Now is the time to order your seeds for your garden.
I love looking thru catalogs and picking out new varieties to try each year.
But once you get the seeds home and you are ready to plant, do you know how to read your seed packet in order to give your seeds the best opportunity to grow?
Today, I want to help you understand the anatomy of a seed packet. There is so much information you can learn from seed packets to help your garden flourish.
What can you learn from a seed packet?
Photo of the plant
This is probably my favorite part of the seed packet. I think vegetables are beautiful and I love to see what my final product is supposed to look like.
Name of plant
There are so many varieties of popular types of vegetables. So try several varieties each year, and eventually you will have your favorites that do well in your area. So make sure and keep the packets or record the names of the seeds so you’ll know what you want to plant again next year.
Type of plant
When I say type, I mean hybrid vs heirloom vegetables.
You should use organic, heirloom seeds whenever possible. For more information on this, check out the end of this post —> Start A Seed Organization System for Your Organic Vegetable Garden.
What zones are best?
The seed packet should tell you what zone the plant will do the best, or atleast if it grows better in a warmer or colder zone.
Days of Gestation
How long will it take for the seed to grow to maturity? This is called gestation and it is important to know for your garden.
The days between the last frost date in the spring and first frost date in the fall is the number you need to know so you can determine which seeds to buy.
If you live in cooler/northern climates, you gestation days will be shorter than warmer/southern climates. So keep this in mind when picking out seeds.
An annual plant only produces vegetables for one year and then dies off. Most common vegetables are annual plants, so we plant in the spring and harvest in the fall. Then the next year we need to plant again.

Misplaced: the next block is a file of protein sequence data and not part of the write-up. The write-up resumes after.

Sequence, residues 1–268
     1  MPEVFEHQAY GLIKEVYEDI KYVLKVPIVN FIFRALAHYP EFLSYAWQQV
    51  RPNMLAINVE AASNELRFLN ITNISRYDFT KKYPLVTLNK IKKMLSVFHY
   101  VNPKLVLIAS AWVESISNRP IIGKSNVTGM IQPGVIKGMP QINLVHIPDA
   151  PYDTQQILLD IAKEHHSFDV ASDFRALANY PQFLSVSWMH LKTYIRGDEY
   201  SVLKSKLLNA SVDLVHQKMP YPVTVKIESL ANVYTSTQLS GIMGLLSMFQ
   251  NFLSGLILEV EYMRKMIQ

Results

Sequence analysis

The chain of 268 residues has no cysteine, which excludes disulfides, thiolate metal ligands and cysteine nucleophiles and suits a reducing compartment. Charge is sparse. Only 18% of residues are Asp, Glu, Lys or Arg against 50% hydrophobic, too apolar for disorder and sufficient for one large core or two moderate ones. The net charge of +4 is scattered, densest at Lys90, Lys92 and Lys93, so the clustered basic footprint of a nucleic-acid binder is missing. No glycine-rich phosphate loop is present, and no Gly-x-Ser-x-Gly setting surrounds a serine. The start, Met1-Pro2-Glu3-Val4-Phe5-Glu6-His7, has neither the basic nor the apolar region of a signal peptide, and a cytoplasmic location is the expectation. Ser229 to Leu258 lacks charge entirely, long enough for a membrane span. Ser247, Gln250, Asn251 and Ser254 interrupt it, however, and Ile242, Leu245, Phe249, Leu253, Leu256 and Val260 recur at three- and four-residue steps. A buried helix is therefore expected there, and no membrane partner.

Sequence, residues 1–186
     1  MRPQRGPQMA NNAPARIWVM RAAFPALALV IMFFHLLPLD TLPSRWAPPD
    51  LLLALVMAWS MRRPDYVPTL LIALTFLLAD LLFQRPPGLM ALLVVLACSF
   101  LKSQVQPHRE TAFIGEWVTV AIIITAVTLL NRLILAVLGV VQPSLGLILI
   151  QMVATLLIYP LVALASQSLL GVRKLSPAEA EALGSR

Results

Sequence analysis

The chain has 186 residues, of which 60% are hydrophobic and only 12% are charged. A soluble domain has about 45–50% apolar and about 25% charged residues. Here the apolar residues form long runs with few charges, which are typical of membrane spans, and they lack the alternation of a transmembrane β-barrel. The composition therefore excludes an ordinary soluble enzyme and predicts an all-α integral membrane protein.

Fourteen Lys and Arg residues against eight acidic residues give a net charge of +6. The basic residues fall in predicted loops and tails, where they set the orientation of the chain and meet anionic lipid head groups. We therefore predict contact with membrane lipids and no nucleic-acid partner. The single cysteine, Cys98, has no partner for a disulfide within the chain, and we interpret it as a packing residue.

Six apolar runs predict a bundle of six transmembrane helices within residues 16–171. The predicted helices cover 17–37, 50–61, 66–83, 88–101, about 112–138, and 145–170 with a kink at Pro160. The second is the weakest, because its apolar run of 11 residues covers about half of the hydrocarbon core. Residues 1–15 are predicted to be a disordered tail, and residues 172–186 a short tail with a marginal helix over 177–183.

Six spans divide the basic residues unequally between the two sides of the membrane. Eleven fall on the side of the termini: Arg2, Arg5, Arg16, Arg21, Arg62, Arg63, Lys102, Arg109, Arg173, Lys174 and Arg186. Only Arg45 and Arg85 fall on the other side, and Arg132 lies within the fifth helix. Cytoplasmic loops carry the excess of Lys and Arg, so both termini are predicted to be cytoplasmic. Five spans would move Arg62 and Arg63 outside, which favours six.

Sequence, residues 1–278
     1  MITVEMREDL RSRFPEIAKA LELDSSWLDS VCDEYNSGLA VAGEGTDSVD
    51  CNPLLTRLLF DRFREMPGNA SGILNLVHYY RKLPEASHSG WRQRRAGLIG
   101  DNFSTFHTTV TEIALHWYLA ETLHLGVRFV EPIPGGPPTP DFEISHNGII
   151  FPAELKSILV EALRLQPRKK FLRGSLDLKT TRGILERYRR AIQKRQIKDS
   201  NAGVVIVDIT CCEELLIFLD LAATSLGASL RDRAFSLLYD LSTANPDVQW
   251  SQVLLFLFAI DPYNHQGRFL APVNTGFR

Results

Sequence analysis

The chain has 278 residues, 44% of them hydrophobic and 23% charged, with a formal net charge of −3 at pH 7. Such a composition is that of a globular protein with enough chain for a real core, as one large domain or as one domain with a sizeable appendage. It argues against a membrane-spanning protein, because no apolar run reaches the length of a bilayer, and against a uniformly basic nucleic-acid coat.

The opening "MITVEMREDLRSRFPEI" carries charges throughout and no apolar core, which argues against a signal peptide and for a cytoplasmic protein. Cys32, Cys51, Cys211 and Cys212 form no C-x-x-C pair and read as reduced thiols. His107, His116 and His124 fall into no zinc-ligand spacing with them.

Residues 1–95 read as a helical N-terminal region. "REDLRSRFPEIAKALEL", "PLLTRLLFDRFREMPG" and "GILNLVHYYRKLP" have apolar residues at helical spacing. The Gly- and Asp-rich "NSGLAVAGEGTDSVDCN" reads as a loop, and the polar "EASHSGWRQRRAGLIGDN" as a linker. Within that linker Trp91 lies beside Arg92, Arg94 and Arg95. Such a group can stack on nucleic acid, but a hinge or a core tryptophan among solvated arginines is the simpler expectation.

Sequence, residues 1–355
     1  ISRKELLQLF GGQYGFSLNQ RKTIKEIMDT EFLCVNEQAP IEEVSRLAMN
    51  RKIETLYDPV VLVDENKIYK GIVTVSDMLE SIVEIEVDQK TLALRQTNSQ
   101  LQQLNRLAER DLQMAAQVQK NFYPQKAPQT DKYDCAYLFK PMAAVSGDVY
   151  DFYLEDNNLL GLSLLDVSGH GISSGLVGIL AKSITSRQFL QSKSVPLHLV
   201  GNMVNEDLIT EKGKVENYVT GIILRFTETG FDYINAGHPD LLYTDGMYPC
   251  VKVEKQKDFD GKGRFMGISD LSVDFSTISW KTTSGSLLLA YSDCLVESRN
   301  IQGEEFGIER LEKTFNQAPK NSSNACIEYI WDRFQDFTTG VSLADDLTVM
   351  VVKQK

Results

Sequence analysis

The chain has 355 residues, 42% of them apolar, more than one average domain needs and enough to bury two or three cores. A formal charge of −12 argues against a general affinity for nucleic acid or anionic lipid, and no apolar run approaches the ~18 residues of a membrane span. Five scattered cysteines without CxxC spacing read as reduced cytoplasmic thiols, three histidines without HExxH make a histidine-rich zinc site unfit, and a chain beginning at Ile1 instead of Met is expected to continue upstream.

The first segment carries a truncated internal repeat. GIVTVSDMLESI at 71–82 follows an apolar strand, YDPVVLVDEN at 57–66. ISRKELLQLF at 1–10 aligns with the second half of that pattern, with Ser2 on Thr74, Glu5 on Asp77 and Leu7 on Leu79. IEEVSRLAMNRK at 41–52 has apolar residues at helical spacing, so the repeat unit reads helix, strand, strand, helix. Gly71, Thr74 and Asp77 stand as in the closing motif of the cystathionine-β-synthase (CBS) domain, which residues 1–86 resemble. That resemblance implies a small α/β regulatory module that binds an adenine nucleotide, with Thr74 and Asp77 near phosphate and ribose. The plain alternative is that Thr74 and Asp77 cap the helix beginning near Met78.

A perennial plant can be planted once and produce fruit for several years to come. Some common perennial vegetables are asparagus and rhubarb.
If you choose to grow perennial vegetables, make sure you plant them somewhere you want to leave them for many years. This means you need to plan out your garden very carefully so that you don’t need to move the whole garden each year.
Each plant has a preferred planting depth for optimal growth. Try to follow these instructions as close as possible.
Plant spacing requirements are important and should be followed as close as possible.
Row spacing is a good guideline to use when you are getting started. As you continue gardening, you may want to use a more intensive method of gardening. This allows you to space plants closer together for more yield.
Indoor starting instructions
If you live in a cooler climate, you will probably need to start some types of vegetables indoors to give them the full gestation period to grow to full maturity. This is especially true with warm weather plants like tomatoes and peppers. Follow the directions for best results.
If you start plants indoors, you should follow the directions before planting them outside. Most plants need to be “hardened off” before being planted so they can get used to the outdoor elements they didn’t have inside.
Usually this means you move them out for an hour or two at first and gradually increase the time outside over a week or two so they can grow stronger. This helps protect them from the sun and wind they will face outdoors.
Some root vegetables are planted very close at the beginning and then “thinned out” after they have started to grow. This helps you choose the strongest plants to keep and gives those plants more room to grow by pulling up the others around it.
Number of seeds
Depending on how much you want to plant, knowing the number of seeds in a packet can help you choose how much you will need. In a normal home garden, you probably only need one packet of each kind of seed.
History of the plant
Heirloom variety seeds often have a great history, which can help you decide if it is something you want to grow. Many of them have been around for over 100 years and are suited for certain climates. This is good information to know when you are making decisions about variety types.
Information on what the plant is good for (eating, preserving, etc)
Some types of vegetables are good for eating, some for preserving and some do well at both. By knowing this information, you can choose the best seed for you particular purpose. If you have a small space, choosing vegetables that are good fresh and preserved are probably your best bet.
That is so much information for such a little packet! What a gold mine of facts that can help you have the best harvest ever.
I suggest you keep your seed packets the entire growing season so that you can access this information. Then at the end of the season, decide which ones worked in your garden and which ones didn’t.
This will help you plan for the next year and keep the winners to grow again.
This process over several years can allow you to have plants that thrive in your particular environment and can lead to an amazing garden harvest every year.
So don’t take those little seed packets for granted. Use them to their full potential and you won’t be sorry!
What is your favorite heirloom seed company? Let us know in the comments below. And if you found this post helpful, please share. Thanks!
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